Rosé is often wrongly accused of being a minor wine. Rosé is the first wine in the history of mankind. As a matter of fact, the first wine that man was able to produce was rosé, in Anatolia, the fertile crescent of Mesopotamia.
The maceration methods of the black grapes were not the same as today, furthermore the wine produced from antiquity until the last quarter of the 1900s was only slightly nuanced, it was called "vinum clarum" (light red wine). It was at the end of the 13th century that the Irish translator Jofroi of Waterford, a Latin translator, interpreted and designated wine for the first time with the term "rosé" due to its light red colour.
How are modern rosé wines made?
Before presenting the three main techniques for obtaining rosé wines, it is important to remember rosé wines are all produced, in Italy, from the vinification of black grapes. It is therefore not legally possible to produce rosé wines by mixing red and white wines, as some think... The color of rosé wines depends on the contact time between the skin of the black grapes and the grape must.
Rosé wine for maceration
After harvesting, the grapes are destemmed (separation of the berries from the "stems") then pressed (breaking of the berries: pulp, grape juice, peel, seed). The result, called " must ", is then placed in the tank and enters the maceration phase on the skins until the winemaker believes that the color obtained corresponds to his expectations. We speak of cold skin maceration, often carried out at very low degrees, between 1°C and 3°C. The must is then pressed and placed in the vats. Fermentation begins (transformation of sugar into alcohol). Also conditioned by the cold (between 15°C and 20°C), the fermentation is slow and sweet and allows the winemakers to catalyze the maximum of the precursor aromas in their must.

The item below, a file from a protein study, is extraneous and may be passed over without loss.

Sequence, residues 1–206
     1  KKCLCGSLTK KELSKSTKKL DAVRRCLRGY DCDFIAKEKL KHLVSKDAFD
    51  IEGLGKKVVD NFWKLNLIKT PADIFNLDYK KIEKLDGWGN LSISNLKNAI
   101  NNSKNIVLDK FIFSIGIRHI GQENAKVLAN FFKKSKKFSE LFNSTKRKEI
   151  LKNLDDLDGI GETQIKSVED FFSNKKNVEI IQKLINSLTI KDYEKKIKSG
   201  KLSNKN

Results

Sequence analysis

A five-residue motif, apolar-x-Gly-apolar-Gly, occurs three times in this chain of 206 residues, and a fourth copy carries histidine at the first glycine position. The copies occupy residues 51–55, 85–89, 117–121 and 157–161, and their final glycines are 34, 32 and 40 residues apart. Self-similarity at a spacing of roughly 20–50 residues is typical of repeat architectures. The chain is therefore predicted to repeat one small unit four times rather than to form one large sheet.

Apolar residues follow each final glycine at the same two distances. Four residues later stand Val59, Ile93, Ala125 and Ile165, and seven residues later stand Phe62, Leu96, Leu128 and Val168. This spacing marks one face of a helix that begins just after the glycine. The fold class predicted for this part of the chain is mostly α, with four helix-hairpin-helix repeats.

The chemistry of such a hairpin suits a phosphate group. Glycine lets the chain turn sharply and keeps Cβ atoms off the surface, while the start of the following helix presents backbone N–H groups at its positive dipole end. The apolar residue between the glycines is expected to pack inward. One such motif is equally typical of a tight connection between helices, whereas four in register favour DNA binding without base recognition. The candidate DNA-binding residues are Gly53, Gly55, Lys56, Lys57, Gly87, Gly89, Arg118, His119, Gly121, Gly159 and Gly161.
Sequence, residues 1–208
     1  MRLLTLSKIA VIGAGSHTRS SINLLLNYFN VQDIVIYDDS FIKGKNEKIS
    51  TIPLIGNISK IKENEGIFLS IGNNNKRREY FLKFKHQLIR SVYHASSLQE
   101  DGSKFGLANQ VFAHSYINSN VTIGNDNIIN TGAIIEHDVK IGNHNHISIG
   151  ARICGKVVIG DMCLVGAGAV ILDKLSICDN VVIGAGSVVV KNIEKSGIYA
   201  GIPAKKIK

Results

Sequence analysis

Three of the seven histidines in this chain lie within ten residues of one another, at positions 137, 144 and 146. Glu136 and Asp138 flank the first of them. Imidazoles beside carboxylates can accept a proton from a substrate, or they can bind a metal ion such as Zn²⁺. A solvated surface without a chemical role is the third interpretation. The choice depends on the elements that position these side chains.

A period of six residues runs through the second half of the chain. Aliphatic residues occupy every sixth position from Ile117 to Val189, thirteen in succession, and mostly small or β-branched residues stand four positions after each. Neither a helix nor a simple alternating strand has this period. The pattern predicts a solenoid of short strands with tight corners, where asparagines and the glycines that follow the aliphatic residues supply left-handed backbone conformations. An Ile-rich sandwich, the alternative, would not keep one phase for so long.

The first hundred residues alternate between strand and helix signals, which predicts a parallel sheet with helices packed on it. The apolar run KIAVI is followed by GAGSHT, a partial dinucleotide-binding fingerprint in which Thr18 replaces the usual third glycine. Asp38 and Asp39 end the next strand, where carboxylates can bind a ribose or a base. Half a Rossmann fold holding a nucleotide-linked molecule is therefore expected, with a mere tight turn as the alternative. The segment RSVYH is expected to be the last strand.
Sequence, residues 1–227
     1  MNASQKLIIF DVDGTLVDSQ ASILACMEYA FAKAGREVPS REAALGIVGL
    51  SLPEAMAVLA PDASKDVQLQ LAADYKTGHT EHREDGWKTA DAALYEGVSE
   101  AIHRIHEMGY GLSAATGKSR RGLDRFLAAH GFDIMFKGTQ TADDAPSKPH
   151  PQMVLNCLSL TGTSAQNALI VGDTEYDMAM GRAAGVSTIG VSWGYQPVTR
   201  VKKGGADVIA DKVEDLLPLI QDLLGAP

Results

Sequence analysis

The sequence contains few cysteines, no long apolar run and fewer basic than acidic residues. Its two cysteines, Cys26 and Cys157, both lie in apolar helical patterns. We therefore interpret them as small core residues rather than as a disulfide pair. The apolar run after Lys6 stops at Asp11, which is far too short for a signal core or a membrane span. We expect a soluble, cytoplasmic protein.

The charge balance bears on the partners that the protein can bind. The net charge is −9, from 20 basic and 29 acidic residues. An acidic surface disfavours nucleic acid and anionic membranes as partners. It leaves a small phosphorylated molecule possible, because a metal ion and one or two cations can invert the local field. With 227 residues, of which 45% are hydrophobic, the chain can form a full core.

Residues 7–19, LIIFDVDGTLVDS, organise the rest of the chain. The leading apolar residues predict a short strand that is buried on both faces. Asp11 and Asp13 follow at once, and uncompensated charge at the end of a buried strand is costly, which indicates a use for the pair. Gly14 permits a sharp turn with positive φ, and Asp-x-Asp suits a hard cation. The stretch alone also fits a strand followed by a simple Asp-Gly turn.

Rosé wine from direct pressing
After the harvest, the grapes are destemmed (or not) then pressed directly, without a maceration phase on the skins. The pressing is slow and controlled to preserve the liveliness and aromatic freshness of the berries. The winemaker will change the temperature of the vat when he deems that the color corresponds to his expectations so that the fermentation phase can begin. Pressed rosé wines are generally less colorful than their macerated counterparts.